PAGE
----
Adults who say they have high or moderate levels of physical activity have better overall mental health than those who move less than the skeleton. This is the result of a study carried out by researchers from the Faculty of Physical Activity Sciences (INEF) and Sports of the Universidad Politécnica de Madrid (UPM), in collaboration with the European University (UEM).
In addition to this conclusion, experts have also found that the level of exercise performed in leisure time is inversely related to vulnerability to mental disorders. That is, the more sport is done, the less likely we are to develop a mental disorder.
Both findings could be taken into account in the development of policies and strategies aimed at improving the health of the population with a more efficient use of health resources.
Impairment of mental health
The deterioration of mental health is perceived with growing concern, especially in societies with higher rates of economic development. Basically because they consume a great amount of health resources and can be one of the main reasons of medicalization of daily life.
Strategies to reduce the incidence of these diseases are, therefore, increasingly necessary. Especially in terms of its proactive prevention and coping, which in the end is what can save more money to health systems in the long run. In this context, the team of researchers has conducted a study that reveals the relationship between physical activity and mental health in a population sample of the Community of Madrid between 15 and 74 years of age.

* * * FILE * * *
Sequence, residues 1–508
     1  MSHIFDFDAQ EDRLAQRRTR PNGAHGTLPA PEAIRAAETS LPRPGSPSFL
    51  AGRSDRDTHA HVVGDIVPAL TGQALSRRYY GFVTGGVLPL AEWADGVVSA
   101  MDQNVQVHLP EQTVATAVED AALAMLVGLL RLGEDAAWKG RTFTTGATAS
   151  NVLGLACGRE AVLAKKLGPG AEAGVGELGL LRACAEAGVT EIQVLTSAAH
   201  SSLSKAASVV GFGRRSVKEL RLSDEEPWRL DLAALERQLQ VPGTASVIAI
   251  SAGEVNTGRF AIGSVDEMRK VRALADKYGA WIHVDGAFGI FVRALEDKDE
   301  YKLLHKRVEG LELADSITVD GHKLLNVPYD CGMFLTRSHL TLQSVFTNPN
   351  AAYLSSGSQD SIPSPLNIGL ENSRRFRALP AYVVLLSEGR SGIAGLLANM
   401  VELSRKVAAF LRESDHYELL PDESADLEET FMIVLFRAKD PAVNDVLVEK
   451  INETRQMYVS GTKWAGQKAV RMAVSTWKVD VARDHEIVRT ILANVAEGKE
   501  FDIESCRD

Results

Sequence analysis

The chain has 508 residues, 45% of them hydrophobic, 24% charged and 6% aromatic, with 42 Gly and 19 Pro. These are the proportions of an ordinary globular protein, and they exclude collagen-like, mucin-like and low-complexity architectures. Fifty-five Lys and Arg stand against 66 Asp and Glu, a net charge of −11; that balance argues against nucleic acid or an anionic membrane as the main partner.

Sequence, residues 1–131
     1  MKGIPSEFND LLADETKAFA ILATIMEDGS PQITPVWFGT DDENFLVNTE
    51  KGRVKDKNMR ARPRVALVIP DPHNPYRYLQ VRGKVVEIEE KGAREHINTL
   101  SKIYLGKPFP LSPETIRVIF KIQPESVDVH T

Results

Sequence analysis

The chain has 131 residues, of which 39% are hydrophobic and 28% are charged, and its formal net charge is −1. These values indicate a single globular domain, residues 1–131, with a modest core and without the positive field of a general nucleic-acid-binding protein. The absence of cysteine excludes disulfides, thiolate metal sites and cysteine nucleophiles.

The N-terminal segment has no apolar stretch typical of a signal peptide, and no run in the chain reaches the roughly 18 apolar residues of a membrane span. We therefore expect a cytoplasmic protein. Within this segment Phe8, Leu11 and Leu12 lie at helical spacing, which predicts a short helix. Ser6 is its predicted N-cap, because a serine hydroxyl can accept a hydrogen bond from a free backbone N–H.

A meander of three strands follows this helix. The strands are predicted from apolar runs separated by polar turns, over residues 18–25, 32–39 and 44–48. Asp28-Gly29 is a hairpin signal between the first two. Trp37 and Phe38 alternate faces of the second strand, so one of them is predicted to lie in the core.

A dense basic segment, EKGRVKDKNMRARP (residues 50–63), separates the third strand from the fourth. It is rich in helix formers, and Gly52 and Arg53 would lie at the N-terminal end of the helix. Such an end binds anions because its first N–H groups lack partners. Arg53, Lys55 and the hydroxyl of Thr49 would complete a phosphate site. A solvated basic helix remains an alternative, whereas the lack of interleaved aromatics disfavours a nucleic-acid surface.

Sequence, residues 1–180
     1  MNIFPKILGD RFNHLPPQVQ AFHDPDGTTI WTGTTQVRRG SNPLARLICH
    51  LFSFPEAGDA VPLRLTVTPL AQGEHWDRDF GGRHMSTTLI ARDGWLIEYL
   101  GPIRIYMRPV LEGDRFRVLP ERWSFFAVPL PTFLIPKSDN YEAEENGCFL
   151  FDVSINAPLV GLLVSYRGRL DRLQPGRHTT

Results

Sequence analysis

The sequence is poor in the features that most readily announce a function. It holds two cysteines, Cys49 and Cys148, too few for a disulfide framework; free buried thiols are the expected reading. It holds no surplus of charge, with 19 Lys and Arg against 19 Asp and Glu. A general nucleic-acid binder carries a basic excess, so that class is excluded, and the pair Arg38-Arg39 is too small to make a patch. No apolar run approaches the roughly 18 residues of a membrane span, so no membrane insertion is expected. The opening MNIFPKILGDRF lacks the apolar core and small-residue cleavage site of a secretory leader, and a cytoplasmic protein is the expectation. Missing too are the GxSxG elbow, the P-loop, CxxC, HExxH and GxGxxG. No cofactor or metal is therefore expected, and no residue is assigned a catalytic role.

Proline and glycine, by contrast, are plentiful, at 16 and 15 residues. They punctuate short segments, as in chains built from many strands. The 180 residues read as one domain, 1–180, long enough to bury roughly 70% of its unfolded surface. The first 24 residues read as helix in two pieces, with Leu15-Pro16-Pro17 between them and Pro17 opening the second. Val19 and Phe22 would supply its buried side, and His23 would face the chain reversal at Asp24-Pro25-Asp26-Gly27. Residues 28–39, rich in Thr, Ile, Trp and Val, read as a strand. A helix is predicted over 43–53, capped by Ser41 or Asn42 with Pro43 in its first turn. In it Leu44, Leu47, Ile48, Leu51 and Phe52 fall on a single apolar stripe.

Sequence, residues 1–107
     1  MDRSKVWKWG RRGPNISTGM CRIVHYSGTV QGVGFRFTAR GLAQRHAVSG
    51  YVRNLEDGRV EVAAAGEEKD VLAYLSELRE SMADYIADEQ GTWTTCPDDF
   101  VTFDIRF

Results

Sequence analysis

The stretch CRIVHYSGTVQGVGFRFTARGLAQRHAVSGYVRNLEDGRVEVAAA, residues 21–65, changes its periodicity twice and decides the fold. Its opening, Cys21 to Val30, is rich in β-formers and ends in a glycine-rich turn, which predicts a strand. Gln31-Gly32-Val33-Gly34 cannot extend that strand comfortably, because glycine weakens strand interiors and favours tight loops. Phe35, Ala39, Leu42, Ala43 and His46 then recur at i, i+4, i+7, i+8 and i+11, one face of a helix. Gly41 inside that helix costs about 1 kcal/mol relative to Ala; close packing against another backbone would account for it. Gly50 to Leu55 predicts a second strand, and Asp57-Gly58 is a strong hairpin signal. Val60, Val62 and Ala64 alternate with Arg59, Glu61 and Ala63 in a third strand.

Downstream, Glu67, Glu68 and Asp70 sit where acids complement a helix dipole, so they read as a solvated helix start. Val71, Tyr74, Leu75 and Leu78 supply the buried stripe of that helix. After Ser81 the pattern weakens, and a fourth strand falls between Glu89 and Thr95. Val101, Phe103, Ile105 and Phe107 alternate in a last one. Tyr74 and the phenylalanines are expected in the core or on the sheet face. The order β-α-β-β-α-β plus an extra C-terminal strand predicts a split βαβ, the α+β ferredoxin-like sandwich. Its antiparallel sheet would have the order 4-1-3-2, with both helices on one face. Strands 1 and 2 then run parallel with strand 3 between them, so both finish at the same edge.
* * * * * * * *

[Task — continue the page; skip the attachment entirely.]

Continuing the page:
The objective of the study was to evaluate the possible relationship between physical activity and mental health levels by analyzing whether this relationship has changed in terms of physical activity (low, moderate, high) and the situation in which it was performed (work, Travel or leisure). Among the objectives was also to try to assess whether physical activity could be associated with greater or lesser vulnerability to mental disorders.
From the outset, the first results showed that 15% of participants had some type of mental disorder, and that 19.8% were not active enough according to current recommendations.
And in general, the results showed better levels of mental health related to a higher level of sports in the free time and in all areas of daily life (here we add the activity related to three aspects: work, travel and leisure).
Taking into account only leisure time physical activity, the risk of suffering mental health pathologies among the “sufficiently active” population was reduced to 56% compared to the “insufficiently active” population.
Although this association between physical activity and mental health has already been verified in previous studies, there are still gaps in knowledge related to the mechanisms that regulate it. This makes further research necessary on the subject.